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Now that the commodity musical is here to stay, the obvious next step is the commodity play. That’s “Misery” all over. Adapted by William Goldman from his screenplay for the 1990 film version of Stephen King’s best-selling novel, it’s strictly for those who liked the movie so much that they’re willing to pay to see it re-enacted onstage—so long as the cast includes a screen star. Enter Bruce Willis, who hasn’t set foot on a New York stage for three decades but needs no introduction to the kind of person who goes to Broadway plays solely to see stars in the flesh. Nor is there any other reason to go to “Misery,” which has nothing else to offer save for the chance to get Mr. Willis’ autograph after the show.
You know the plot: Mr. Willis plays Paul, a romance novelist who crashes his car in Colorado and awakes to find himself laid up in the spare bedroom of Annie (Laurie Metcalf), a middle-aged nurse who claims to be his “number-one fan.” Not only are both of his legs broken, but Annie turns out to be crazy….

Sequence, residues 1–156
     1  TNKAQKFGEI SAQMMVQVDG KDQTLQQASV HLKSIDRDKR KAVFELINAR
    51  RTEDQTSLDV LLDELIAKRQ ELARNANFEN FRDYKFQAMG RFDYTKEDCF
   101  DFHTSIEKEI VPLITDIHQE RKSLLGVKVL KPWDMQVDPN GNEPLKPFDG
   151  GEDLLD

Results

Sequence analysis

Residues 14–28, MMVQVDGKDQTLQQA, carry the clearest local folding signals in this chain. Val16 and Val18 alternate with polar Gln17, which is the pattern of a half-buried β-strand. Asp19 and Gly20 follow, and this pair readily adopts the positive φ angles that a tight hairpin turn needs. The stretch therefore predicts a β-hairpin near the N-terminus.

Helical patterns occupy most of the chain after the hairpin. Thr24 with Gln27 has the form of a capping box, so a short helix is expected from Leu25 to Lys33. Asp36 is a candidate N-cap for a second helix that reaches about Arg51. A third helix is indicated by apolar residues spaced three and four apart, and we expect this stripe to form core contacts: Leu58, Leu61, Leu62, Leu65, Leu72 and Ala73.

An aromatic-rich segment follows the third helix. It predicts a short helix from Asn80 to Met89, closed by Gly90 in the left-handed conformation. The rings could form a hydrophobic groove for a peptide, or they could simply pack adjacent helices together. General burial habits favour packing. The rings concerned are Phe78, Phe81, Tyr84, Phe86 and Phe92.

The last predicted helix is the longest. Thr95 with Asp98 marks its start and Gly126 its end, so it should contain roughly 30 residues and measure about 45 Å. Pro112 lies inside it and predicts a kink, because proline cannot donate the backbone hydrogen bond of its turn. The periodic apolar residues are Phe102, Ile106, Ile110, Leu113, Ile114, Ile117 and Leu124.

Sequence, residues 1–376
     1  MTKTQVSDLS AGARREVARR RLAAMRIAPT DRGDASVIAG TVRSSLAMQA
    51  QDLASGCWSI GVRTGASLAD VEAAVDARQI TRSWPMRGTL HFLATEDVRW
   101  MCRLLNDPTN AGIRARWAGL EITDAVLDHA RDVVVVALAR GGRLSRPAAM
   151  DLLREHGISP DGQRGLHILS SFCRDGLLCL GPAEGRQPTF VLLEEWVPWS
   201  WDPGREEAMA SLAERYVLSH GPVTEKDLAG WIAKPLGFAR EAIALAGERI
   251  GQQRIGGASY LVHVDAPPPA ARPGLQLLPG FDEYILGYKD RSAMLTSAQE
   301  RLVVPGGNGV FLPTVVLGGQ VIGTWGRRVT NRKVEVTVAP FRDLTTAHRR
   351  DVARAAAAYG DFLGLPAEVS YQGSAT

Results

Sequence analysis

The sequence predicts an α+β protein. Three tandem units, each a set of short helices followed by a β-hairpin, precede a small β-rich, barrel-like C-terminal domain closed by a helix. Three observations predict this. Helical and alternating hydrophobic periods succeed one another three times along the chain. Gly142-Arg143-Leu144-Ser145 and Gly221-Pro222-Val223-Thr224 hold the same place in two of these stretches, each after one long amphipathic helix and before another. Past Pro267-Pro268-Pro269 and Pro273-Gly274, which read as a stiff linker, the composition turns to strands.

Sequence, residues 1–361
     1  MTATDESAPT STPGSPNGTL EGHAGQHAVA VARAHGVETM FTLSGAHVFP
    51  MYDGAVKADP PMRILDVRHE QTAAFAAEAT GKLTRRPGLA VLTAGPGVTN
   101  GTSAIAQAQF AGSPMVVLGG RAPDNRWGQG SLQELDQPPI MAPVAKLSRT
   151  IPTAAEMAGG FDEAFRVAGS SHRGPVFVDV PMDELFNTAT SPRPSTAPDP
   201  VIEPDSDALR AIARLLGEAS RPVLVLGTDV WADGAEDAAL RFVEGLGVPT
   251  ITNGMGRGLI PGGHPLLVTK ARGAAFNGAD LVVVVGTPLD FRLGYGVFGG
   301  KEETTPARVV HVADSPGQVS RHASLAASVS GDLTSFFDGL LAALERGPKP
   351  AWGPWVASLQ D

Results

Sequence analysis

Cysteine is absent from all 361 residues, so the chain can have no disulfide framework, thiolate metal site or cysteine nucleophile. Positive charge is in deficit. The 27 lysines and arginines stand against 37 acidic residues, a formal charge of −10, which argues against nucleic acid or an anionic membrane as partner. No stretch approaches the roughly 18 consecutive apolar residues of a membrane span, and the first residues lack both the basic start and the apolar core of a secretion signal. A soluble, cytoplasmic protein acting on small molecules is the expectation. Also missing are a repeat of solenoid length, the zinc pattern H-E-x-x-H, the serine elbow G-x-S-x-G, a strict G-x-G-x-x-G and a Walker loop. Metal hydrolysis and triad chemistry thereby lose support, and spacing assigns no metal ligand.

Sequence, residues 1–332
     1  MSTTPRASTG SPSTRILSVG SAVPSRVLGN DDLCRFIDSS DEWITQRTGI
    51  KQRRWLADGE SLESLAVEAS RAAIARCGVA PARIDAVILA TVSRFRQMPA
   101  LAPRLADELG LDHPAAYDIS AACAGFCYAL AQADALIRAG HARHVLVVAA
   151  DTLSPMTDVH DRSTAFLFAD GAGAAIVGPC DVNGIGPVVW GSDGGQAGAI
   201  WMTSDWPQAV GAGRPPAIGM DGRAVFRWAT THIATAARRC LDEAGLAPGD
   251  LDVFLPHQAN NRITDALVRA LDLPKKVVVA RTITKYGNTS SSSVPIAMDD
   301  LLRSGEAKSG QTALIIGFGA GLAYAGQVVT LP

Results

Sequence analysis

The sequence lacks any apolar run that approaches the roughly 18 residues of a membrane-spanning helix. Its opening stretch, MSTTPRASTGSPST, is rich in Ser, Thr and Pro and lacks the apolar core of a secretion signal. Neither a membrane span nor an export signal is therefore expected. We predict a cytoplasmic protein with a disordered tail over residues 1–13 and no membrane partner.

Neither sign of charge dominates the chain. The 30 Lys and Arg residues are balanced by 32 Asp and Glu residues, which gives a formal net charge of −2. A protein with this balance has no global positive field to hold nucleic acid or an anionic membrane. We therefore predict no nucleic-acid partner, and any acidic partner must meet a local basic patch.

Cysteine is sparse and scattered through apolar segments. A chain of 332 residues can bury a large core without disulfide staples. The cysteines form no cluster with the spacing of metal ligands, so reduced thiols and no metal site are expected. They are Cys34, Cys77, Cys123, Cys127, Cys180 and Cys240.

While the film of “Misery” simplifies the novel, it succeeds spectacularly well in scaring the audience, in large part because of Kathy Bates’ Oscar-winning performance as Annie, which is both creepy and (here’s the key) completely plausible. Not so “Misery: The Play,” which is as scary as a lukewarm cup of Nesquik. Two big things are wrong with it: Mr. Willis never seems even slightly frightened, and Ms. Metcalf, though she leaves you in no doubt of her craziness, isn’t pitiful….
Arthur Miller’s “Incident at Vichy,” which was last performed in New York six years ago and hasn’t been seen on Broadway since the original production closed there in 1965, is a creakily earnest one-act play about a group of 10 Frenchmen, most of them Jewish, who are ordered by the Vichy police to report to “a place of detention” (Miller’s words) for unknown reasons. Ninety minutes later…but you can figure the rest out for yourself. While waiting to learn their unsurprising fate, they make speeches, some of them craven, others noble, and all written in the well-known Miller manner…
Michael Wilson, lately of “The Trip to Bountiful,” ratchets up the dramatic tension much higher than you’d think it could possibly go, and his ensemble cast is superior…
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To read my review of Misery, go here.
To read my review of Incident at Vichy, go here